Back in the old days, it used to be that you had to sneak by security and risk arrest to find the best spots to skateboard. But with the growth of the sport into an international industry, skaters are overwhelmed with choices: longboard or skateboard, street or vert, commercial or hardcore? And just like everything else in the world of skateboarding, we’re now faced with a choice on WHERE to skate! If you want to cruise down any given street, that’s just fine. But if vert skating is more your jam, you must decide: indoor skatepark or outdoor skatepark? We can’t choose for you, but we can make sure you’ve got all the information you need to make the best decision for your skate style!

When you envision a skatepark it’s probably outside, right? With features like a large concrete pad with ramps, stairs, boxes, and rails, maybe it’s fenced, and it’s lit for night skating. And you wouldn’t be wrong! The very first skate parks were outside since skateboarding is primarily an outdoor sport. And you probably won’t be surprised to know that the first of these parks were in locations like Florida and California. While these places were (and in some ways still are) the epicenter of skateboarding culture, it’s not by random chance. Skateboarding grew naturally out of surfing, and surf culture (read more about the history of skateboarding here!), and climates that support surfing are usually temperate – meaning the weather is great year-round! Why did it take longer for Minnesota to jump on the skateboarding bandwagon? Weather! The invention of indoor skateparks evolved from the need to spread the love of the sport to places where skating outdoors just isn’t possible for much of the year.


Now not all indoor skateparks exist just because of bad weather. In fact, some of the most famous indoor skateparks in the world were built in southern California and Florida! As skate parks emerged and tried to distinguish themselves from one another, some chose to become more about group skating. Some became primarily bowl focused or filled entirely with ramps and rails. Like most industries, its expansion and popularity brought different desires from riders and parks aimed to meet those needs. So if you’re lucky enough to have the choice between indoor and outdoor parks in your area, here are some things to keep in mind.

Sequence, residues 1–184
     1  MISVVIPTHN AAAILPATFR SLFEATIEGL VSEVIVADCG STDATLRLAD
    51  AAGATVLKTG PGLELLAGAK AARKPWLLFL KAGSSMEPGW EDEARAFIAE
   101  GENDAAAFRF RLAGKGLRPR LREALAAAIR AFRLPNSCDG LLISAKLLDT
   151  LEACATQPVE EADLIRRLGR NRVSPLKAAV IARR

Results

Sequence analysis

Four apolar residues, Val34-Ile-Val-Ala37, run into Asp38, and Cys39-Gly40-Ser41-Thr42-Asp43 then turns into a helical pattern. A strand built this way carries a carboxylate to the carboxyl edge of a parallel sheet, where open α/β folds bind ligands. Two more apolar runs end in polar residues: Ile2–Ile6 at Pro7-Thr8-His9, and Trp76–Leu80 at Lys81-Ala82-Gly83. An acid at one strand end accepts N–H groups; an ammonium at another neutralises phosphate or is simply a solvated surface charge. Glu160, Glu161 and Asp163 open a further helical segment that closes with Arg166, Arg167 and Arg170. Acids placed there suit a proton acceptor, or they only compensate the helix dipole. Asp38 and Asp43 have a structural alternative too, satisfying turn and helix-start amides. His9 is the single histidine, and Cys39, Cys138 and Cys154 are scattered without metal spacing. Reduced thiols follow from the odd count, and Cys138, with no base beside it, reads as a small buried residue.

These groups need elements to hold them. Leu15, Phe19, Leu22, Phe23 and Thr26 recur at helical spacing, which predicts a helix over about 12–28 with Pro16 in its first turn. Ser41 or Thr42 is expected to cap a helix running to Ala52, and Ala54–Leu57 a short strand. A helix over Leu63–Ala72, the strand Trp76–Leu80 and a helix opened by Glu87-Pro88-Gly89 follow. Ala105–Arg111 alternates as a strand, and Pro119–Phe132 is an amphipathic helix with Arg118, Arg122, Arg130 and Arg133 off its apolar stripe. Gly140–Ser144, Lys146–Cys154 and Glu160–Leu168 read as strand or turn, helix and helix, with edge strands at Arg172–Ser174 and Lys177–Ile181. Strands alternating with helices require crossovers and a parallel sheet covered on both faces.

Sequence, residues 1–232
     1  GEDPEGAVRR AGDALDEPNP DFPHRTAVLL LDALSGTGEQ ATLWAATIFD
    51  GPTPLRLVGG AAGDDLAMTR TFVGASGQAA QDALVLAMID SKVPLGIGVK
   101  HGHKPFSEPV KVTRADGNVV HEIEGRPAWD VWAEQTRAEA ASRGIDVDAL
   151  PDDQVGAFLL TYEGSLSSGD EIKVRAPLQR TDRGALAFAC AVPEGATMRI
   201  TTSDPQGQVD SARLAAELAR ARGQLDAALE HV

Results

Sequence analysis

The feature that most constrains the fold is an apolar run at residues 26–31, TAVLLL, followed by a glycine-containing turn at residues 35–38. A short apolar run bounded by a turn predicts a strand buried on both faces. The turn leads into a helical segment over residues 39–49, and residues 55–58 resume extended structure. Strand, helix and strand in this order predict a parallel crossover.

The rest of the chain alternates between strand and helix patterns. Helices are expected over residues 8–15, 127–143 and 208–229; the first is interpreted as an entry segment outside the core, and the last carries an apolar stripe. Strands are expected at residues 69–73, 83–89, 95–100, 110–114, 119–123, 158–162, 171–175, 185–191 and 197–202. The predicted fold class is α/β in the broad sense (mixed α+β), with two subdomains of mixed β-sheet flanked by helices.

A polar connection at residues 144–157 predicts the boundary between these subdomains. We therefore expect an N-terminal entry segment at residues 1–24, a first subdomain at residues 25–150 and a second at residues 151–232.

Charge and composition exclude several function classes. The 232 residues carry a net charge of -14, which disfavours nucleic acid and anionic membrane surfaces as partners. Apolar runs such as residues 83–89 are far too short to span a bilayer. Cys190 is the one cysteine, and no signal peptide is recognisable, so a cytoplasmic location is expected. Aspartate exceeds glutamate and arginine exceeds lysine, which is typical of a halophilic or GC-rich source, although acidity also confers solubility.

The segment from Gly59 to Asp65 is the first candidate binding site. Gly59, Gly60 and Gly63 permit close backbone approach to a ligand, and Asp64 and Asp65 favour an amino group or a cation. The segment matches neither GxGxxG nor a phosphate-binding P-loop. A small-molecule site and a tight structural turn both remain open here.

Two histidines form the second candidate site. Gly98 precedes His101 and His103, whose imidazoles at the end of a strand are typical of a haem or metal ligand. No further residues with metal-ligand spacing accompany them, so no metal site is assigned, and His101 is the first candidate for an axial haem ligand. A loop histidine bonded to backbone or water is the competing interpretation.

COST: Most indoor parks will charge an admission fee. And as unfair as that seems, they need to because it quite literally costs money to keep the lights on and cool/heat the room. If you’re short on funds, look for an outdoor park which is most often a city park, kept up by taxpayer dollars or federal funds. City parks mean it’s free to you!


QUALITY: On the flip side of the cost coin, you will almost always get better quality ramps, rails, etc. at an indoor park. Since your admission goes to upkeep, owners and operators have an incentive to keep the park in peak condition. While outdoor parks aren’t necessarily poor quality, at an indoor park you’re almost always guaranteed to get the best of the best when it comes to equipment.

SAFETY/SECURITY: While many outdoor parks do have floodlights and sometimes safety patrol, if you choose to skate outside at night you choose to assume a certain level of risk. Indoor parks can sometimes be a better choice for skaters who are younger or just not as secure about being out alone after dark. If you are out there night shredding though, make sure to bring your Board Blazers along!


CROWDS: Nobody wants to wait in line for their favorite skatepark feature, yet it’s a sad reality of this sport. If you’re not into lines or waiting your turn, definitely don’t visit an indoor park on the weekend. Because these parks tend to be limited in size (although some super rad indoor parks are HUGE!), you’ll end up with more people, and that means more waiting in line. Outdoor parks still have their crowded moments, but you’re more likely to get to ride your route without a wait if you skate under the stars.

To skateboard or not to skateboard? That choice is easy. But when you’re deciding where to skate it can be a bit trickier. As you make your decision, consider the weather, your distance to each park, your finances, your safety, and your patience for waiting in lines. It’s hard to make a wrong choice because either way, you’re going to spend your time shredding. Give each type of park a try at least once. Find out what you and your crew like about each place and then decide on your home turf. And if a new park opens up, absolutely be the first in line to check it out. Whether outside or indoors, get out and skate every day!


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